Other current comparative research suggests that LGBTQ+ persons may be disproportionately affected (compared to heterosexual persons) by COVID. The survey data was obtained in Jan/Feb of this year and it is important to understand how COVID-related concerns may have disproportionately affected LGBTQ+ students.
The study uses many single items as indicators (“measures”) of really important experiences, such as depression. A stronger study would use a measure of depression (or anxiety or other mental health concern). Multiple item measures show greater reliability.
In our own research on sexual minorities and gender diverse students attending Christian colleges and universities, we have seen areas of concern. Although many sexual minorities are doing better than might be expected on various mental health measures, such as the Counseling Center Assessment of Psychological Symptoms (CCAPS), where about half of our recent sample reported mild or no psychological distress, we did find that some students are at greater risk than others. Indeed, level of distress was negatively correlated with intrinsic religiosity and social support, and self-acceptance mediated these relationships. This means that the degree of distress is connected to the quality of students’ relationship with God and others within the Christian colleges and universities we studied. Furthermore, a critical piece in understanding how those pivotal relationships link to distress is found in the way students perceive and relate to themselves. Interestingly, their own level of affirmation, as well as their perception of campus attitudes toward same-sex attraction and same-sex behavior, were not correlated with psychological distress in our sample.
A more helpful framing of these issues would be to ask religiously-affiliated institutions how they promote self-acceptance in their unique learning environment and how religion can foster that. There could be many angles of entry into that conversation. It may include how such institutions communicate to prospective students their religious commitment and any associated community or behavioral standards. It would also make sense for institutions to share how they provide broad support to students navigating sexual or gender identity and faith, how they create a community in which students can take their faith seriously, take their sexuality or gender seriously, and take how they related their faith and sexuality or gender seriously. It could entail sharing how such institutions foster social support among students, and how they convey messages that promote self-acceptance in the faith-based learning environments and vision for human flourishing based in community beliefs about personhood, sexuality, and gender.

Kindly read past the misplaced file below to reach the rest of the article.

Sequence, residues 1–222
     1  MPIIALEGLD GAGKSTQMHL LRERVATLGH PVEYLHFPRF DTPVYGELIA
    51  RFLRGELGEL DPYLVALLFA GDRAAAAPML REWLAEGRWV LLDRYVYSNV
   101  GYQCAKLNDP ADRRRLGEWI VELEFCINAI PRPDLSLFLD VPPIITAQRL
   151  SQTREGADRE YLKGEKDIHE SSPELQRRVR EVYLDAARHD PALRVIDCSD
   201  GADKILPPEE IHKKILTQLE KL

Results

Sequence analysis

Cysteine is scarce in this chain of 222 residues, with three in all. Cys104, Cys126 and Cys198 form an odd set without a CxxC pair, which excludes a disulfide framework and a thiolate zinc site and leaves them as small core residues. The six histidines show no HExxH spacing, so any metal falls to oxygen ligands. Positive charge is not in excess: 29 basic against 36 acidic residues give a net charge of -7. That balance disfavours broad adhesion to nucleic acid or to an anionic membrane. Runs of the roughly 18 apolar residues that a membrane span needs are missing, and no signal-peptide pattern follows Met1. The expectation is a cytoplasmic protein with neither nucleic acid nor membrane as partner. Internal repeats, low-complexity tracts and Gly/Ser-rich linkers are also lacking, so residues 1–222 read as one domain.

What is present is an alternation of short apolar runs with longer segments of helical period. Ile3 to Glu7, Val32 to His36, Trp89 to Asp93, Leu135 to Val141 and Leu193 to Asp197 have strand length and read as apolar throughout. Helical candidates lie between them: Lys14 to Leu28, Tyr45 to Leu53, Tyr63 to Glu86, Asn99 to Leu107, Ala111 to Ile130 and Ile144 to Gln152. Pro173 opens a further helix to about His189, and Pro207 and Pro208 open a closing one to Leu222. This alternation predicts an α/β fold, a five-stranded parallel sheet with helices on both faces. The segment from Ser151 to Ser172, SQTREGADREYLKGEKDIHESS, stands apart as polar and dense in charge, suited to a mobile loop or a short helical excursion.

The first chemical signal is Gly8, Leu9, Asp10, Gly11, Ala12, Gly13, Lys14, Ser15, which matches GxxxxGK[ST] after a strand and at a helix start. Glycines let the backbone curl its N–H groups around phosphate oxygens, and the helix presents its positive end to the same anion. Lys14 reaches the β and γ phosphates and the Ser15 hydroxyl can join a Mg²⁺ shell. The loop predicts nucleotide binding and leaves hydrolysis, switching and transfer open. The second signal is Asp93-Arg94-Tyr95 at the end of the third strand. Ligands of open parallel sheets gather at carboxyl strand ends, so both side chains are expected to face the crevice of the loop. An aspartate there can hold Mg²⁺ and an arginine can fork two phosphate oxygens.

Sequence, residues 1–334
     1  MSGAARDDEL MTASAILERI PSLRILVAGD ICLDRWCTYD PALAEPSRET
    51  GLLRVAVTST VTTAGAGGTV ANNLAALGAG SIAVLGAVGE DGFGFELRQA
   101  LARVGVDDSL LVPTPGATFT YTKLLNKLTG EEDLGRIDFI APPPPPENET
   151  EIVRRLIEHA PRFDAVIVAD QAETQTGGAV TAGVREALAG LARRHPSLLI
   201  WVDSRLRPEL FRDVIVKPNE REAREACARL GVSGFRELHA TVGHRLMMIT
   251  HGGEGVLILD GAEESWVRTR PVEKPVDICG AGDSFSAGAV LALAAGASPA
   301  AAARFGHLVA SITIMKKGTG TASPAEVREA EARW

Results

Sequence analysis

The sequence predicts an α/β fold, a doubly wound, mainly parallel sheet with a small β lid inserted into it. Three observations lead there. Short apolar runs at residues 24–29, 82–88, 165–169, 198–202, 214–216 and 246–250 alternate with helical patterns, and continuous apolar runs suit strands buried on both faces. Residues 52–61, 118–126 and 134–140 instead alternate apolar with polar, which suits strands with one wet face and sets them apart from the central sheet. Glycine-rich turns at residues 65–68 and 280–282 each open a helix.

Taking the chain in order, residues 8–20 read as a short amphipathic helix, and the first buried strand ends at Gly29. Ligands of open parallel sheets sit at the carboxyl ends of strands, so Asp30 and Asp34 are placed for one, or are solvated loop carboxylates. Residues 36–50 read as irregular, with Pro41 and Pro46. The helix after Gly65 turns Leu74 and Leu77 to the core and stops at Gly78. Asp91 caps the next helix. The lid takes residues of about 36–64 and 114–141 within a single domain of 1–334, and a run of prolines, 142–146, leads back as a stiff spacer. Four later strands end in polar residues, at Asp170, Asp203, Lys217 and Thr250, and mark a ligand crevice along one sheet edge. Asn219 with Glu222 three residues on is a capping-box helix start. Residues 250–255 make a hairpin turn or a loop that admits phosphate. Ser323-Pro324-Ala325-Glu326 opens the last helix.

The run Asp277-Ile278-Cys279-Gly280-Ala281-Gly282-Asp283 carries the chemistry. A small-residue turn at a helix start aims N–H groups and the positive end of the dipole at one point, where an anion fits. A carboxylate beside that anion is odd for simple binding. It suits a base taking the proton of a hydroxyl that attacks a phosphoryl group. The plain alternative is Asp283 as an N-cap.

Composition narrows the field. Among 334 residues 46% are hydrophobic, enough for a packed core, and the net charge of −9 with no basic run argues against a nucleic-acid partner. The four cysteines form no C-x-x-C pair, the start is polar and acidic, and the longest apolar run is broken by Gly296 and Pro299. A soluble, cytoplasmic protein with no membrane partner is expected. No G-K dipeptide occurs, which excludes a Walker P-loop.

Given that American higher education occurs in both secular and religious contexts, and in light of the research suggesting LGBTQ+ students may also be at greater risk than their heterosexual/cisgender peers in secular institutions of higher ed, the focus of this survey could have been on providing support across the many settings in which higher education takes place.
Additionally, rather than push the narrative of discrimination, REAP might have used their data to identify ways for these institutions to better support students who are navigating these important aspects of identity while on campus. Such an approach could have also been modified to identify ways to support students navigating sexual or gender identity at secular universities as well.
A different study would be needed to reach the conclusions made by REAP and Inside Higher Ed. The findings as published are less conclusive with respect to the assertions being made given the narrow focus on only religious institutions, with a key missing piece being action items for all institutions of higher education to better support students moving forward.